US Ambassador to Poland: More American investment needed

reprinted from The Warsaw Voice. See full article: Europe More Important Than Ever

U.S. Ambassador to Poland, Lee Feinstein, talks to Hilary Heuler in the run-up to President Barack Obama’s visit to Warsaw.

What potential do you see for greater cooperation between the U.S. and Poland?

In building a relationship for the 21st century together, we have identified three areas of key cooperation. I think the President’s visit next month will be an opportunity not only to highlight all of our cooperation, but also to set a course for the future. Within the areas of greatest importance we have three pillars; the first is working together on security. We have a huge amount to be proud of over the last two years, including reaching an agreement in November in Lisbon to reaffirm Article 5 of NATO’s Washington Treaty and developing NATO contingency plans for Poland and the Baltic states. Presidents Obama and Komorowski announced last November that we have agreed for the first time to send American servicemen and women to Poland on a permanent basis, which is historic. We have also agreed to deploy important elements of our missile defense program to Poland, and missile defense plans in Europe are ahead of schedule. These are things we should be proud of, take stock of, and build on for the future.

The second pillar of the relationship is democracy promotion. We work together in the Eastern Neighborhood, not just on Belarus but also on Ukraine, Moldova and the Caucasus. We also work together globally through the Community of Democracies, which was born in Poland in 2000. I was fortunate to be in Warsaw with Secretary Albright in 2000 and then a decade later with Secretary Clinton when she attended the 10th anniversary of the Community in Cracow last year. Secretary Clinton talked about the importance of civil society in promoting democracy around the world. Since then, America and Poland established a democracy dialogue with each other, something we don’t have with any other country.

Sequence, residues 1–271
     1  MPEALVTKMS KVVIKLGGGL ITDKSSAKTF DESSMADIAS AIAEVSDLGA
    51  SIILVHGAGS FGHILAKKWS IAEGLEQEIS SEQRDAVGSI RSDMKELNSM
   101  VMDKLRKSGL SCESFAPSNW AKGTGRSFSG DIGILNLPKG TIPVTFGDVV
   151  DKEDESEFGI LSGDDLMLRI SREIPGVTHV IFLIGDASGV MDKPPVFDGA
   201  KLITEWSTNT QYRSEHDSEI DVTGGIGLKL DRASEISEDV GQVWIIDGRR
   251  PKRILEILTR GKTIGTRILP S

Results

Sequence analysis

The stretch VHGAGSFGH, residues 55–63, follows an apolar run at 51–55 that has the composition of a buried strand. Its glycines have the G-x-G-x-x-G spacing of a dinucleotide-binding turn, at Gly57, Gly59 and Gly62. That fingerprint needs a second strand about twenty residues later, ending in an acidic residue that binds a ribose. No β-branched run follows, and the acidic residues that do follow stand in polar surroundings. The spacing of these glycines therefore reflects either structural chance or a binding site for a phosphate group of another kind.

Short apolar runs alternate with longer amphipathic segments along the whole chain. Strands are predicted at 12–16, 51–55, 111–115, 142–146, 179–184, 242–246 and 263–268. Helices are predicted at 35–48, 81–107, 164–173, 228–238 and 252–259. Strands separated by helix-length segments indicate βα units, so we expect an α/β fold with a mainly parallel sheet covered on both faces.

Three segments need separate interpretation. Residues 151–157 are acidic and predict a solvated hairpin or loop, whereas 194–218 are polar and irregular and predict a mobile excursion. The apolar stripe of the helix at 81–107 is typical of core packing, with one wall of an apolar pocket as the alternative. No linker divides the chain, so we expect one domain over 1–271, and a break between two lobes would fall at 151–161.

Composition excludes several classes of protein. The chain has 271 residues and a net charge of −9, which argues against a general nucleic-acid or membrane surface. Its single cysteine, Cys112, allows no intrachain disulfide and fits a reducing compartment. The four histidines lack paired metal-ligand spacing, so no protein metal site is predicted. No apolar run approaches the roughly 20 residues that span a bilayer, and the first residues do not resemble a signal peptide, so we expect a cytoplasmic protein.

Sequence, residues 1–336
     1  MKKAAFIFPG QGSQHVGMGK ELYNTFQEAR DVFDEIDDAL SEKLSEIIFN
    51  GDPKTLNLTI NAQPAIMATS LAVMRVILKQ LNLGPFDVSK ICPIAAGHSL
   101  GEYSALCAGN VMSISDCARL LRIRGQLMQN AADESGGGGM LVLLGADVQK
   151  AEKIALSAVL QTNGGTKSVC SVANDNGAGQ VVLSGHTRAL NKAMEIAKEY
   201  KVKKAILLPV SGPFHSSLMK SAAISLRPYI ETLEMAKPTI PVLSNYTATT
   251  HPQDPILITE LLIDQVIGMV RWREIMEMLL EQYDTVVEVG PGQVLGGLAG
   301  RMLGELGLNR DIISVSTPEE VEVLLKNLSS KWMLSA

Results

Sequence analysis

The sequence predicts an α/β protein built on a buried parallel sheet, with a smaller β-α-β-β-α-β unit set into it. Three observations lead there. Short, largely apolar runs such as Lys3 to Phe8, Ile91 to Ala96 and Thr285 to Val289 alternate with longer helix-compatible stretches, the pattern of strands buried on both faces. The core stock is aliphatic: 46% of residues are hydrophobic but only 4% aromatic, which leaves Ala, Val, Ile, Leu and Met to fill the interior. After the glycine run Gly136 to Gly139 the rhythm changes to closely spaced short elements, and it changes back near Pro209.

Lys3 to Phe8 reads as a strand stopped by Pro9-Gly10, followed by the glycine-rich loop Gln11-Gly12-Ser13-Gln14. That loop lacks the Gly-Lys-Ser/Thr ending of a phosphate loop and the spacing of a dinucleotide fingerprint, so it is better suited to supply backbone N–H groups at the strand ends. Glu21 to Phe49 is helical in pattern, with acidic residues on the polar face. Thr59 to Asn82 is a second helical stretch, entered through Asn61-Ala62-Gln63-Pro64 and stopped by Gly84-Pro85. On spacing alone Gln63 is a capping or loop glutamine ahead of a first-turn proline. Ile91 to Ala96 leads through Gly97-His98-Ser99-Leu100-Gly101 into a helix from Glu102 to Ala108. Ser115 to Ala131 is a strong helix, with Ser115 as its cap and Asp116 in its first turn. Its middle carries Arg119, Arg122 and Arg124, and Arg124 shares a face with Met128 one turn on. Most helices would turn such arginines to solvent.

The third area is building prosperity. American investment in Poland is probably bigger than you think, but still not enough. There’s definitely scope for us to do more, but we’ve done and we are doing a lot. In the early 1990s, American companies were the first to invest in Poland, and helped build investor confidence in coming here. Since 2008 American investment has been particularly strong, and what’s interesting is that it’s been strong in the manufacturing area and service industries, but also in hi-tech and R&D. Another promising area for us is energy cooperation—we’re interested in helping support Poland’s potential program in nuclear energy; we’re very involved in Poland’s rapid development of wind and other renewables; and we’re equally interested in shale gas.

I know I said three pillars, but let me add one more key area: people-to-people exchanges. 140,000 Poles traveled to America last year, and we have a large and growing American community in Poland. We’re doing as much as we can to promote this kind of exchange. We are proud to cooperate with the Polish American Freedom Foundation to give Polish university students the chance to spend the summer working in the United States for American firms, a program we expect will continue to grow next year. The number of scholarships in the Fulbright Program is increasing significantly. We also try to do a lot of new media outreach—we’ve got a very active Facebook page in English and Polish, and we’ve got a very good website that’s updated round the clock. The embassy community has set a goal of meeting 11,000 students and young people in Poland in 2011, and I think we’re well on our way to reaching it.

President Obama’s visit here is, of course, the ultimate people-to-people exchange. The visit comes at an excellent time in U.S.-Polish relations, which are based on our unshakable historic ties and, as important, on our common values and interests today.